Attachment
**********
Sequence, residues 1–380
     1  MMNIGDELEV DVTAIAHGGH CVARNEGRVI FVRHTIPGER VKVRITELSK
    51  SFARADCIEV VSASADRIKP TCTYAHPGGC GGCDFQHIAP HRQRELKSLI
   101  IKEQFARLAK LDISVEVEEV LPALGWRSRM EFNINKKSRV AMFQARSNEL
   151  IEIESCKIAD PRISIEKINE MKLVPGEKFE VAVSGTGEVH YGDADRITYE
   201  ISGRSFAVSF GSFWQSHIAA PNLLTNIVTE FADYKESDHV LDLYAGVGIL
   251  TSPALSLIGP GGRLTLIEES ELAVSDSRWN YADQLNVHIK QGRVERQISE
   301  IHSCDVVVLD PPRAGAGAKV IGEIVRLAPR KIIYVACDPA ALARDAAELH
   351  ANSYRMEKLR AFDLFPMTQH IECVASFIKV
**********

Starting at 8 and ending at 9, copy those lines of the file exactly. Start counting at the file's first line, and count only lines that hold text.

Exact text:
   301  IHSCDVVVLD PPRAGAGAKV IGEIVRLAPR KIIYVACDPA ALARDAAELH
   351  ANSYRMEKLR AFDLFPMTQH IECVASFIKV